The situation in the Central African Republic (CAR) has flared up again. Aid workers talk of it as “dramatic”. If someone who knows the country well says that, then you can be utterly sure that the situation is dire.
The Central African Republic has never featured large in British news reporting. This is a characteristic that it shares with many of France’s former African colonies, which is something of a shame. (When, for example, did you last hear of a news story about Burkina Faso? Perhaps in this magazine, but not elsewhere.) Whenever the CAR does feature, it is usually for all the wrong reasons: such as the grotesque career of the human flesh eating Emperor Bokassa or the country’s current turmoil. For a summary of the hard to follow travails of the country and its current difficulties, see here.
Britain has no embassy or consular services in the CAR, and the foreign office is advising against all travel to the country and that any British citizen there are present should leave as soon as it is safe to do so. It is to this country, however, that the Pope is scheduled to travel next month. Given the usual challenges associated with large gatherings of people, it seems hard to envisage a normal Papal visit. Perhaps the Pope will stay in the airport (though that does not seem like him); even a token visit would cheer the people of the CAR, who desperately need our prayers and our solidarity.
The CAR has severe problems – poverty, poor communications, lack of infrastructure, an irresponsible political class, a population that is swift to divide into sectarian factions based along tribal or religious lines, lack of the rule of law, lack of respect for private property, as well as a population that is heavily armed, with the corresponding ability to use its arms. Ethnic civil war is always a possibility. But the CAR is not alone in this. Most African countries have similar problems. Sometimes these factors blow up into catastrophes like the Rwandan genocide, which took so many by surprise, but shouldn’t have, and sometimes there are merely “ethnic clashes” which lead to more people becoming IDPs (internally displaced persons), as happens in Kenya from time to time (as in late December 2007, and of course, at present.)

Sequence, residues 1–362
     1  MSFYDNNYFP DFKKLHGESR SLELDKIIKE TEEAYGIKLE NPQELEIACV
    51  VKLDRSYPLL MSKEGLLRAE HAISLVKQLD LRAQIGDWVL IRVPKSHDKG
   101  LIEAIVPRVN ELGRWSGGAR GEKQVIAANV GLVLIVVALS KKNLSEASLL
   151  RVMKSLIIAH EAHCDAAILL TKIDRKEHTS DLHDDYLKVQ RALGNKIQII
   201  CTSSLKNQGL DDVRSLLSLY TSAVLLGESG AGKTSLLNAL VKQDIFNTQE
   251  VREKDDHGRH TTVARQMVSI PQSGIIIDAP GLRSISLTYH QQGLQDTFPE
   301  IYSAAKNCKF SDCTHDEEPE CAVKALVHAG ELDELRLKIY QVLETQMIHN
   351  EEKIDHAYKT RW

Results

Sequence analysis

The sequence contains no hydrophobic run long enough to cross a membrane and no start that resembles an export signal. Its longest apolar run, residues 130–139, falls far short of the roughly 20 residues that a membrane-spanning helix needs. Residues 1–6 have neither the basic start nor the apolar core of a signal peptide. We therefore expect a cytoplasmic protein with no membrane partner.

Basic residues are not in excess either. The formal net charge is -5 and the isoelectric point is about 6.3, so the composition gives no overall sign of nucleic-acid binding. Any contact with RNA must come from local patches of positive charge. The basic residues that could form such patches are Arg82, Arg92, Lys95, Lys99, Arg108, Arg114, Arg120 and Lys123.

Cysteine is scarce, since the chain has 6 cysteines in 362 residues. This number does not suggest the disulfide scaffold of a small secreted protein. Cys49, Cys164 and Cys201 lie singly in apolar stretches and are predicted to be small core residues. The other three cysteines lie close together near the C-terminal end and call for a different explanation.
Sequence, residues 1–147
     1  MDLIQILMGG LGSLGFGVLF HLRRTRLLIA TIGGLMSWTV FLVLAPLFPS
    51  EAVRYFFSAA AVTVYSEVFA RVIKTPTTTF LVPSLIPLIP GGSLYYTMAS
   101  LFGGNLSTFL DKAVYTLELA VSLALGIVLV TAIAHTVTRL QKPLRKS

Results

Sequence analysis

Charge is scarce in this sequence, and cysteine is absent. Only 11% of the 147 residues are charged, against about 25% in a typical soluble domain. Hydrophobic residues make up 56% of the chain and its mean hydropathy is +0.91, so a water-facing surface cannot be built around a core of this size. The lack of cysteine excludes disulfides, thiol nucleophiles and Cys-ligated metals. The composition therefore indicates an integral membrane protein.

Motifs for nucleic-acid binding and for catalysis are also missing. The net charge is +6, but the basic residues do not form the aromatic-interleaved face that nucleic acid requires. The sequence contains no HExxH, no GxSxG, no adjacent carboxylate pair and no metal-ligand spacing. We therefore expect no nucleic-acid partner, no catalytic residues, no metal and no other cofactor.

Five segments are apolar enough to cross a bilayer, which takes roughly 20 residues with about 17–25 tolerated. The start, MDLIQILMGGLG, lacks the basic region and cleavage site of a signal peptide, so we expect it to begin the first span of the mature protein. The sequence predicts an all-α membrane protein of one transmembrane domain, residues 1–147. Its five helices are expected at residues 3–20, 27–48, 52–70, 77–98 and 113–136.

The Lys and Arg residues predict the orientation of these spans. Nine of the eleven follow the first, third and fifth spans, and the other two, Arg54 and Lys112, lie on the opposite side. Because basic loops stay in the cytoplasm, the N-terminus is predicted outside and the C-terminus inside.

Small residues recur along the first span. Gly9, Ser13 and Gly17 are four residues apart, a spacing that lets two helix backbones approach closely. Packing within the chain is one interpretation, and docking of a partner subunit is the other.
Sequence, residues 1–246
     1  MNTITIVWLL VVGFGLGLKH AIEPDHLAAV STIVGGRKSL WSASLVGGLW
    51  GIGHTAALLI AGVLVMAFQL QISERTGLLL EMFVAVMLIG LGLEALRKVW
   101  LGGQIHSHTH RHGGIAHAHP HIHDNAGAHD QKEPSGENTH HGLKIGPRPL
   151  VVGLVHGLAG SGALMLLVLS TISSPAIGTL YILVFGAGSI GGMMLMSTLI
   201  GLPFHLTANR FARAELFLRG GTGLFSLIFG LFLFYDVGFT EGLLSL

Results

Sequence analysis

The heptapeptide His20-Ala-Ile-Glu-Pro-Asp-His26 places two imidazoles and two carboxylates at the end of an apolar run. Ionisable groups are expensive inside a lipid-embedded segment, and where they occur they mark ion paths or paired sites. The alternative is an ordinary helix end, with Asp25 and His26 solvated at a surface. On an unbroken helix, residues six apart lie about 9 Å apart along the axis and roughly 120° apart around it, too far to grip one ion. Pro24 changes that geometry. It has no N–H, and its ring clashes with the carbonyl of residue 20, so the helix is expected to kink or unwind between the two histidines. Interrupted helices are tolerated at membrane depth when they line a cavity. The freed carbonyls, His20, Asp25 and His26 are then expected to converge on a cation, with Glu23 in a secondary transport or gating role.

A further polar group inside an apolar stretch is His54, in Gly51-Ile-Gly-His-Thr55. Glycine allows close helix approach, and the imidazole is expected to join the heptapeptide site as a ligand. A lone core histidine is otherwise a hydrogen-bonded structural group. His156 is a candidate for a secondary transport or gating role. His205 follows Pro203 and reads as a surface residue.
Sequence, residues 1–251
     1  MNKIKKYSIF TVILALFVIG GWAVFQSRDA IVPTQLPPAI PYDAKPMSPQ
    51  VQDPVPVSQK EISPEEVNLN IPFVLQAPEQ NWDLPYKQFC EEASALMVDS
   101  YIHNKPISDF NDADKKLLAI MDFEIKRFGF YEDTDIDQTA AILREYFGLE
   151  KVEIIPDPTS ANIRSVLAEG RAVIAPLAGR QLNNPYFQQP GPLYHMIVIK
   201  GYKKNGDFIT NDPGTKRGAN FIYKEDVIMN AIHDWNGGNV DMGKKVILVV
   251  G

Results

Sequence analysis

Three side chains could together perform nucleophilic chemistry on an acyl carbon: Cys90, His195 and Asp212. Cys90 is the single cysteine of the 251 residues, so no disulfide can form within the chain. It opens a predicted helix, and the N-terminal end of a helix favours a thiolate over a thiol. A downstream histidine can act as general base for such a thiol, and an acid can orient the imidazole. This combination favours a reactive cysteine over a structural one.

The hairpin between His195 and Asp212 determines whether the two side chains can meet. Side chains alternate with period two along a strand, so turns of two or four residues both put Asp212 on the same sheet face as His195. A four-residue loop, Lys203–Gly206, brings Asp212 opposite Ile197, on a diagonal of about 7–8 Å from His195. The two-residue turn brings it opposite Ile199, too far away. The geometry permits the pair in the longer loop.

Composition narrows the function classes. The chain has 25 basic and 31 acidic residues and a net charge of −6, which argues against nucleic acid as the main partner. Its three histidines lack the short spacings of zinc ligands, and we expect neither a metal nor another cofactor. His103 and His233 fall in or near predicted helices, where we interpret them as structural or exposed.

This may lead many to despair that Africa will ever escape this morass. This of course is where the Church’s mission can be so important. The Church teaches, let us not forget, respect for all, whatever religious or ethnic differences there might be, and also supports and enables the development of a civil society. The Church’s worst moments in Africa recently have been caused by priests and nuns joining in, or even leading, ethnic conflict. Its best moments have been marked by priests and nuns risking their lives to save people from death, including Muslims. It is worth remembering – indeed to forget it would be to forget the essence of the Gospel – that God loves us all, and the law of charity has no limits, especially not ethnic or religious ones.
The Pope will certainly be going to Kenya and to Uganda, and what he has to say on these matters will be important. And it will have huge importance for the beleaguered people of the Central African Republic.
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